Bryant, K.J., W.C. Robertson, G. Lorenz, C.T. Allen, F.M. Bourland, and L. Earnest. 2000. Economic evaluation of transgenic cotton systems in Arkansas. p. 3843. In Proc. of the 2000 Cotton Research Meeting. Spec. Rep. 198. Arkansas Agric. Exp. Stn., Fayetteville, AR.

Buchanan, G.A. 1992. Trends in weed control methods, p. 47-72. In C.G. McWhorter and J.R. Abernathy (ed.) Weeds of Cotton: Characterization and control. The Cotton Foundation, Memphis, TN.

Caldwell, W.D., R.C. Griffin, D.J. Boquet, E.M. Holman, S. Moore. J.I. Dickson, P.D. Colyer, G.O. Myers, R. Gable, J. Thomas, A.B. Coco, P.R. Vernon, M. Walcotte, M. Deloach, and E.P. Millhollon. 1999. 1999 Louisiana cotton variety trials. Res. Summary 117. Louisiana Agric. Exp. Stn., Baton Rouge, LA.

Calhoun, D.S., J.E. Jones, J.J. Dickson, W.D. Caldwell, E. Burris, B.R. Leonard, S.H. Moore, and W. Aguillard. 1997. Registration of 'H1244' cotton. Crop Sci. 37:1013-1014.

Carpenter, J.E., and L.P. Gianessi. 2000. Value of Bt and herbicide resistant cottons, p. 76-79. In Proc. Beltwide Cotton Conf., San Antonio, TX. 4-8 Jan. 2000. Natl. Cotton Council Am., Memphis, TN.

Coley, C.B. 2000. Seed selection: A southeastern grower's perspective. p. 26. In Proc. Beltwide Cotton Conf., San Antonio, TX. 4-8 Jan. 2000. Natl. Cotton Council Am., Memphis, TN.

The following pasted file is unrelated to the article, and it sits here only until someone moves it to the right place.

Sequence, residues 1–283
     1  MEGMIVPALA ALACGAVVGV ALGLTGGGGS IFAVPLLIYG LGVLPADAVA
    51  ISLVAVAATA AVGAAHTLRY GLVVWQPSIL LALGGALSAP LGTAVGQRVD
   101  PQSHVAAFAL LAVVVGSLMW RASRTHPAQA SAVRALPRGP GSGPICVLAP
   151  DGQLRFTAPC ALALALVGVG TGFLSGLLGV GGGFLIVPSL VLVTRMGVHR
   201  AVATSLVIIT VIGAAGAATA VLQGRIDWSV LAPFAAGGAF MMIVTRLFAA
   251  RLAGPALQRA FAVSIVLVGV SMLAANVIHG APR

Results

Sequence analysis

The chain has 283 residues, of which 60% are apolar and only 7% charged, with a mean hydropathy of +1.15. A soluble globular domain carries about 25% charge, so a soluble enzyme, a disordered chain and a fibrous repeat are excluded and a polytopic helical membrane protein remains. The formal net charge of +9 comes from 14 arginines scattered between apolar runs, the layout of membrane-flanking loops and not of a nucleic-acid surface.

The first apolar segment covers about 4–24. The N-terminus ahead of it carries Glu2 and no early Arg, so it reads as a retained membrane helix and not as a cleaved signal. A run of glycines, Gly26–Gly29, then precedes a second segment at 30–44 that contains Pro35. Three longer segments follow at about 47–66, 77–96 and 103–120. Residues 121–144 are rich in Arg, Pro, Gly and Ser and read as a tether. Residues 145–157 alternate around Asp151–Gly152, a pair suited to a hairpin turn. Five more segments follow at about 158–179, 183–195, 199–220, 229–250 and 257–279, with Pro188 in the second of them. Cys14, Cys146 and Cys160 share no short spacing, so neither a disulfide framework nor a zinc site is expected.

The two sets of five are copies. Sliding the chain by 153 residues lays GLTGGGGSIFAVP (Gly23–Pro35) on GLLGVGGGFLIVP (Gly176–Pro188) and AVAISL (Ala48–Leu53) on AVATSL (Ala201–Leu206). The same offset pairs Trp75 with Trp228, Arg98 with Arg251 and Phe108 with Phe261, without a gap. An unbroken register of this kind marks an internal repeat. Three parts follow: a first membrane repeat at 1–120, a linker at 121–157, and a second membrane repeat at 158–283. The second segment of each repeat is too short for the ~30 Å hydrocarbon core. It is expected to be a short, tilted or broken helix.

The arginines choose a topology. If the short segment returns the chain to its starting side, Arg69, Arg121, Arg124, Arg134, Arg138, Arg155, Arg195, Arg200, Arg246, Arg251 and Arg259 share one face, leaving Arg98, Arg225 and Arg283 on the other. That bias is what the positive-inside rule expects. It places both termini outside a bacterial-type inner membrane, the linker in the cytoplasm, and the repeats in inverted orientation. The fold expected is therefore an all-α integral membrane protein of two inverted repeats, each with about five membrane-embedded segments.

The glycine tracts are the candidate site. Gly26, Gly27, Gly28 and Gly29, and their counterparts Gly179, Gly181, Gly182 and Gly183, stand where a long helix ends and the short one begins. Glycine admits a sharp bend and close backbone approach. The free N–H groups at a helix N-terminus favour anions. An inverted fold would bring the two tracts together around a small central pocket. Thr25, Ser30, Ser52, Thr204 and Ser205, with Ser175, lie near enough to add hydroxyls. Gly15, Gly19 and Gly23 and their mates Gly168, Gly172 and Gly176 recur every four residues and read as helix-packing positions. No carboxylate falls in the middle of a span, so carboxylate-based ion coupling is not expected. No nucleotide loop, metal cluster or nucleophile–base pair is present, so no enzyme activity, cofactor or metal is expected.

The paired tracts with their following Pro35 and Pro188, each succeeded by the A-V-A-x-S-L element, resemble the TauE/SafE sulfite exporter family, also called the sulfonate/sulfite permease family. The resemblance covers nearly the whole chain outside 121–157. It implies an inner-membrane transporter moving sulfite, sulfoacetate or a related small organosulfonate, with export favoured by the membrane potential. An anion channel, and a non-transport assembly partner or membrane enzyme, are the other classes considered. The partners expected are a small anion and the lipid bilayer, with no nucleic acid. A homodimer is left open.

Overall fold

Collins, J.R. 1996. BXN Cotton: Marketing plans and weed control programs utilizing buctril, p. 201. In Proc. Beltwide Cotton Conf., Nashville, TN. 9-12 Jan. 1996. Natl. Cotton Counc. Am., Memphis, TN.

Creech, J.B., T.P. Wallace, J.R. Johnson, D.M. Ingram, N.W. Buehring, and W.H. McCarty. 1998. 1998 Mississippi cotton variety trials. Inf. Bull. 352. Mississippi Agric. and Forestry Exp. Stn., Mississippi State, MS.

Culpepper, A.S., and A.C. York. 1997. Weed management in notillage bromoxynil-tolerant cotton (Gossypium hirsutum L). Weed Technol. 11:335-345.

Culpepper, A.S., and A.C. York. 1998. Weed management in glyphosate-tolerant cotton. J. Cotton Sci. 2:174-185.

Culpepper, A.S., and A.C. York. 1999. Weed management and net returns with transgenic, herbicide-resistant, and non-transgenic cotton (Gossypium hirsutum L.). Weed Technol. 13:411-420.

Day, J.L., A.E. Coy, W.D. Branch, O.L. May, S.S. LaHue, and L.G. Thompson. 2001. Georgia 2001 peanut, cotton, and tobacco performance tests. Rep. 677. Georgia Agric. Exp. Stn., Athens, GA.

Dotray, P.A., and J.W. Keeling. 1997. Roundup Ready cotton tolerance to Roundup Ultra applied at various growth stages, p. 778. In Proc. Beltwide Cotton Conf., New Orleans, LA. 7-10 Jan. 1997. Natl. Cotton Counc. of Am., Memphis, TN.

Fitt, G.P., J.C. Daly, C.L. Mares, and K. Olsen. 1998. Changing efficacy of transgenic Bt cotton--Patterns and consequences, p. 189-196. In M.P. Zalucki et al. (ed.) Pest management--Future consequences. Univ. Queensland Printery, Brisbane, Australia.

Gerloff, D. 2001. Cotton budgets for 2001 [Online]. [30 p.] Available at: budgets/Tennessee/ cottonbudget01%20TN.pdf [posted 1 Jan. 2001; verified 6 Mar. 2003]. Agric. Ext. Service Publ. AE 01-42. Univ. Tennessee Inst. of Agric., Knoxville, TN.

Glass, K.M., C.D. Monks, and C.H. Burmester. 2000. 2000 Alabama cotton variety report. Rep. 233. Alabama Agric. Exp. Stn., Auburn, AL.

Gomez, K.A., and A.A. Gomez. 1984. Statistical procedures for agricultural research. John Wiley and Sons, New York.